HEN I WAS growing up, my father was a totalitarian. When he spoke, my brothers and I always sat up and paid attention. One thing that would always upset our father was for any of us to ask why about anything he told us to do or not do.
I never could understand why this bothered him so much. For my brothers and me, it was a question of clarification. It was not until I was in the middle of my adult life that I found out why the word why was so difficult for him to deal with. Finally in a casual conversation about our childhood, I asked my father about it. He said, “Hearing you ask why made me feel like I wasn’t being trusted to lead you in the right way.”
My father said he would never tell us to do something that was not in our best interest or interest of the family. He wanted us simply to trust that he would lead us correctly. When we questioned him, he felt insulted.
Questioning the Heavenly Father
When our lives go in a way contrary to what we would like, we often ask God why. We may be just looking for clarification and an ability to understand, but God might see it as not trusting Him to do the right thing on our behalf.
Some preachers say it is a sin to ask God why. However, I’ve never seen it that way. After all, as Jesus was dying on the cross, He asked His Father, “Why have You forsaken Me?” (Matt. 27:46 NKJV).
On the other hand, I can’t find in the Scriptures where God ever answered this question—not even when Jesus asked. Since it seems apparent God does not go around answering “Why?”, perhaps we should change the question to something He will answer. In my case, the question became, “What’s next?” or “What do You want me to do now?”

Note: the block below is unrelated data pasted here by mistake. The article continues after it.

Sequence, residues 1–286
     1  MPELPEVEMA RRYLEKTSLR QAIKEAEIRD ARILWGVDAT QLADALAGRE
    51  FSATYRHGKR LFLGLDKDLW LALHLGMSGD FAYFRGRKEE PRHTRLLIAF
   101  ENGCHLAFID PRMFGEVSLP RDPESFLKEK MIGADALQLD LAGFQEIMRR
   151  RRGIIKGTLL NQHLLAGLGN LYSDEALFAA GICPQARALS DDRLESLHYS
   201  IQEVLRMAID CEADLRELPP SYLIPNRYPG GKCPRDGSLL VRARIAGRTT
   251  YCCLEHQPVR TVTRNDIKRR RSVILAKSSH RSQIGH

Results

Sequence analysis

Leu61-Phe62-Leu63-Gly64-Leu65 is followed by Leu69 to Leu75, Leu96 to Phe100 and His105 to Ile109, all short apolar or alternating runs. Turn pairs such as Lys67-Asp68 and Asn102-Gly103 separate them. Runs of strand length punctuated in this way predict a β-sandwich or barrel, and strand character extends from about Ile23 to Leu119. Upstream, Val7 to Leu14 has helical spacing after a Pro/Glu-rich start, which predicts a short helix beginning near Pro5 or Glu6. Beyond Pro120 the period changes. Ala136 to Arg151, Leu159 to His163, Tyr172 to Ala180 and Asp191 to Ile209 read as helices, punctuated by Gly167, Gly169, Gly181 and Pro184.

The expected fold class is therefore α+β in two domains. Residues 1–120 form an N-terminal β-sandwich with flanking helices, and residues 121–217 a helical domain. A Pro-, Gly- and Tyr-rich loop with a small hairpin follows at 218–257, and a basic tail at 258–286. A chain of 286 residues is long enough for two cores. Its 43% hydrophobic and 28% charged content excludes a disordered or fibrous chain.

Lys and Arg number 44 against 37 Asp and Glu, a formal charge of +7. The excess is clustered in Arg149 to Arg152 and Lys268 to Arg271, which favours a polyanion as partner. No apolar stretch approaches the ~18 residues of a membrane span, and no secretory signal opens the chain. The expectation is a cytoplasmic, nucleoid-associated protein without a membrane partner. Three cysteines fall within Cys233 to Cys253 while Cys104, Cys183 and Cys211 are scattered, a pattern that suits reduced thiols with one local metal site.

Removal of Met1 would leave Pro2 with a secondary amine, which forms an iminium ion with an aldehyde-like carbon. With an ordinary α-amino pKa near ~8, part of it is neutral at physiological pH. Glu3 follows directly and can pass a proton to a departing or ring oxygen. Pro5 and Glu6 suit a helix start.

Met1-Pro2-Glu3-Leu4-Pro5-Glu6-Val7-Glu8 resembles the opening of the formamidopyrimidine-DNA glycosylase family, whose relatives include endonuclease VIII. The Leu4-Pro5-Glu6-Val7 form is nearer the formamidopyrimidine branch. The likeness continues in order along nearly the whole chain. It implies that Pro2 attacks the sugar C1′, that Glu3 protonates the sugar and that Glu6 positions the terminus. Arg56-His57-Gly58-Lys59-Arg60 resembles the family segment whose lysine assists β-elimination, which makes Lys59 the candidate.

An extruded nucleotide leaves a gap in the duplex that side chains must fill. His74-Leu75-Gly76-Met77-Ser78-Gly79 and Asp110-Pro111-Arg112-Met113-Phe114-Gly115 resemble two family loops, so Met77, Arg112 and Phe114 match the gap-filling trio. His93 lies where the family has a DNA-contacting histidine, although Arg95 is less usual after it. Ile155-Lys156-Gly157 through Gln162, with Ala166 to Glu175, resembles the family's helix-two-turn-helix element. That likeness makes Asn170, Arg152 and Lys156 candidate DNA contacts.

My Second Career
In 1981, I gave up a secular career to follow the Lord’s calling to full-time ministry. I went back to school at Lee University and finished a degree in Biblical education . . . worked as a youth pastor for a year . . . then attended the Pentecostal Theological Seminary, earning an M.A. in church ministries . . . followed by 23 years in the pastorate.
In the 16th year of my pastoral ministry (2002), I moved to the West Logan Church of God in West Virginia, where I spent seven years. In the second year there, my wife became ill. She is a registered nurse and began to have concentration problems on her job; the work she had done effortlessly before, she could not do. She experienced racing thoughts and an inability to concentrate.
When a doctor diagnosed her as bipolar, she immediately replied it was something else. For the next five years, my wife was in and out of hospitals to no avail. The symptoms remained. She kept insisting the bipolar diagnosis was wrong, but no one was listening—not even me.
In the fifth year of her illness, we took her to Duke University to be seen by a neurosurgeon. He did an MRI of her skull and spinal column and found she had a 17mm Chiari. A Chiari is a condition where a person’s brain tissue protrudes past the base of the skull into the spinal column. It can cause bipolar-like symptoms. And, in my wife’s case, if left untreated, the condition would lead to paralysis and death.
The corrective surgery was scheduled for December 2009. The week before her operation, I was at the parsonage when the Lord told me to resign the church, move back to our home in Tennessee, and care for my wife. For the first time in over 23 years, I would not be leaving a church assignment for a new one; I would be leaving altogether.
I questioned the Lord as to how I would be able to pay my mortgage and other bills, and His reply shocked me. The Lord said, You are to get back to the faith you had at first. God said I had become too reliant on the church instead of relying on Him. I was to trust Him, and He would supply.